Foraminal stenosis is a condition that occurs in the spine when the openings that allow nerve roots to exit the spinal cord, called foramina, experience narrowing. This narrowing can be caused by a number of related spine conditions including bulging discs, herniated discs and bone spurs. Although foraminal stenosis is common and not necessarily painful, it can cause symptoms if there is enough constriction to compress a nerve root and interfere with its functioning.
Some of the most common symptoms of foraminal stenosis include local pain, pain that shoots along the nerve and tingling, numbness or muscle weakness in the extremities. Patients diagnosed with foraminal stenosis may experience other symptoms, like headaches or dizziness, and wonder if they are related to this condition or if it is due to another cause. It is important to speak to your doctor for a proper diagnosis of any symptoms, but it can also be beneficial to educate yourself as a patient. By learning more about how foraminal stenosis could be related to feelings of dizziness and vertigo, you can work more closely with your doctor to get the care and treatment you deserve.
Foraminal stenosis and vertigo
Foraminal stenosis can occur at any level of the spine but it is most common in the cervical (upper) and lumbar (lower) regions due to their relative flexibility and weight load they support. The cervical spine runs from the base of the skull to the top of the ribcage, and due to its proximity to the head, is the most likely region to be associated with dizziness. This could potentially be due to the following causes:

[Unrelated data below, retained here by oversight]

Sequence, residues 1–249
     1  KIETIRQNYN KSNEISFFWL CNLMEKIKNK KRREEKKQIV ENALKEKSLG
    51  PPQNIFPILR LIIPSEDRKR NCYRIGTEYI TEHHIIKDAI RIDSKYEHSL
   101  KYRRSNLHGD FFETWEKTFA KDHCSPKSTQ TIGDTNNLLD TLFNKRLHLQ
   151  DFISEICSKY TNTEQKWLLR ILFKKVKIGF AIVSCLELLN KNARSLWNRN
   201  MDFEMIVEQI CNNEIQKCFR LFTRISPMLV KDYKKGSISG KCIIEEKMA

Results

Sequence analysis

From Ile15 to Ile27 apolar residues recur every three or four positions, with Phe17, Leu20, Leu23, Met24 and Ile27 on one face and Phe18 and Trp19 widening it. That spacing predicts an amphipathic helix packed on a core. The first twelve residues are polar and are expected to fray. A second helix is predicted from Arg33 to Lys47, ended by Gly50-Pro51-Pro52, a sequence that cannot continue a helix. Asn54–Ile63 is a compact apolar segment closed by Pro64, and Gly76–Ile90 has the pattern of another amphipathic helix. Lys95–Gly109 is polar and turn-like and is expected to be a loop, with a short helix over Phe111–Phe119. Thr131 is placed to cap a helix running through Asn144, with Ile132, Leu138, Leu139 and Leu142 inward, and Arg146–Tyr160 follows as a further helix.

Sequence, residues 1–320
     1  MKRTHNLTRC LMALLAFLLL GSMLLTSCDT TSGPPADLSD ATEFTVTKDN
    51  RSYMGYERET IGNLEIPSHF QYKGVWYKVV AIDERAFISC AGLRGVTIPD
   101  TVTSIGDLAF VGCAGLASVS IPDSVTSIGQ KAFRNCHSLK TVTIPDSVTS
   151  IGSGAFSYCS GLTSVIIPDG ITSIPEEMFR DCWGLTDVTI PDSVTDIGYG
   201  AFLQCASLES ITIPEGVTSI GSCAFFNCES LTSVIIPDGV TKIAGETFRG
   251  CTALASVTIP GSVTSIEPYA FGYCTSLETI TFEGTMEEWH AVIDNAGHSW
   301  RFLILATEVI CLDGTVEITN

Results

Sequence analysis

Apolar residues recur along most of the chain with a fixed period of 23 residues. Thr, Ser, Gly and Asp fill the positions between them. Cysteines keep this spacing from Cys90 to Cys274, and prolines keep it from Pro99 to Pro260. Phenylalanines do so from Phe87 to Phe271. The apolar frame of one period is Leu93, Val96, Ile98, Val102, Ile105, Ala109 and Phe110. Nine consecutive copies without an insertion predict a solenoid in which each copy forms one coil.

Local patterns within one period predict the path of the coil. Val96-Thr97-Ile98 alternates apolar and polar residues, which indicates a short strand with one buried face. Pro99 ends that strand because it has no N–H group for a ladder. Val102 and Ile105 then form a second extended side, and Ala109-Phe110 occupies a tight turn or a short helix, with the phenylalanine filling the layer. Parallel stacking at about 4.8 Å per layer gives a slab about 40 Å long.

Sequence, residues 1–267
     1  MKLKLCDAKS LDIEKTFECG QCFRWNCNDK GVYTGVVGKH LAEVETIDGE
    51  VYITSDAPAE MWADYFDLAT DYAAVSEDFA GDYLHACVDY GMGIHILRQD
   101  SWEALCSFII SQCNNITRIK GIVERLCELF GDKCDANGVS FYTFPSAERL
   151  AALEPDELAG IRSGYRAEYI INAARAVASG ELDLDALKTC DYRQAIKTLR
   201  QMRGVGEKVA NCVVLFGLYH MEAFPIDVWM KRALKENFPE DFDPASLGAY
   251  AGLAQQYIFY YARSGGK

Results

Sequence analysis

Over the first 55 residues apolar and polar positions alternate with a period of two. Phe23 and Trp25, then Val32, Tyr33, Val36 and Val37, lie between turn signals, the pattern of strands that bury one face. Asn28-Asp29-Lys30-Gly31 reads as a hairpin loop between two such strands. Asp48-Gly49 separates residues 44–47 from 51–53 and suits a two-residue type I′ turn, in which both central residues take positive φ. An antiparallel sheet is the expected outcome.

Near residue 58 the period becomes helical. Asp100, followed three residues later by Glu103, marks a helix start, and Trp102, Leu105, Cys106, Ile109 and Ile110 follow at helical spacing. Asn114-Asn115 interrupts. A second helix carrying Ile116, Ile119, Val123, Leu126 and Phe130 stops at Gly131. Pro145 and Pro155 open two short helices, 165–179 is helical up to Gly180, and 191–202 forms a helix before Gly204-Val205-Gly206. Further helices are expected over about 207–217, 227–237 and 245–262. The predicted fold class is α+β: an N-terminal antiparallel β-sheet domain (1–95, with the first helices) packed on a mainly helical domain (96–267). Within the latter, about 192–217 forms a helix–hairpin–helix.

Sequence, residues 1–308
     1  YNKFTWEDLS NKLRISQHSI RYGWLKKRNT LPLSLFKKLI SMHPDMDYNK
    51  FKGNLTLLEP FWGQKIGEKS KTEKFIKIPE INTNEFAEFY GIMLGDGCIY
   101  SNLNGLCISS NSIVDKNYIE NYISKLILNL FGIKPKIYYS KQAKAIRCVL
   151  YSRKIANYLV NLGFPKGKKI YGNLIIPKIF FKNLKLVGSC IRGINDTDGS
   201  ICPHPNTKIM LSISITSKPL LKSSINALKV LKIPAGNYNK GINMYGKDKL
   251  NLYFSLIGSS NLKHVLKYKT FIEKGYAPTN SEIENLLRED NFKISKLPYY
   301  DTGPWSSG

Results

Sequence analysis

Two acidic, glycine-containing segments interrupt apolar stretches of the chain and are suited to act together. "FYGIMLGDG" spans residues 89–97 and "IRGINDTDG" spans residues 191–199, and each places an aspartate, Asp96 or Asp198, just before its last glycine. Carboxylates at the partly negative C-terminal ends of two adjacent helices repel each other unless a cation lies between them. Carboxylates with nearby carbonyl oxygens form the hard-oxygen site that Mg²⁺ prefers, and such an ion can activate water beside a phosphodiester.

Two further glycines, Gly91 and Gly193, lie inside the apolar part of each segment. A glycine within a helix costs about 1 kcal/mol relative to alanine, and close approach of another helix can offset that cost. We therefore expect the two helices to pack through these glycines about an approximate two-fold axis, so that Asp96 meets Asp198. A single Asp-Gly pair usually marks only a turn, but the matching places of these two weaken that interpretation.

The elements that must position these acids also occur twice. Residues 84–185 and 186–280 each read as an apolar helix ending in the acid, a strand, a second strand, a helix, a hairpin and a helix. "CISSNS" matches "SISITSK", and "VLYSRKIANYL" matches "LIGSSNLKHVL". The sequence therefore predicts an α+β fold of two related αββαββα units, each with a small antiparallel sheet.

- Compression of a nerve affecting your body’s ability to orient itself
- Compression of a vertebral artery that disrupts blood flow to the head
- An issue in the upper cervical spine near the brainstem
Treatment for foraminal stenosis
Foraminal stenosis symptoms can often be relieved without the need for surgery by following a doctor’s recommendation for conservative treatment. You may be recommended physical therapy, therapeutic massage, hot/cold compression therapy, medications or spinal injections. If weeks or months go by and this mode of treatment has not improved symptoms enough for a good quality of life, you may be asked to consider spine surgery to remove the spinal anatomy that is causing foraminal stenosis.
If you are researching the possibility of a surgical procedure, contact USA Spine Care to learn about the benefits of minimally invasive spine surgery. Our procedures are a safer and effective alternative to traditional open neck or back surgery, offering our patients a shorter recovery time with less risk of complication.^
To learn more and receive a no-cost MRI review* to determine if you may be a candidate for one of our outpatient procedures, reach out to us today.
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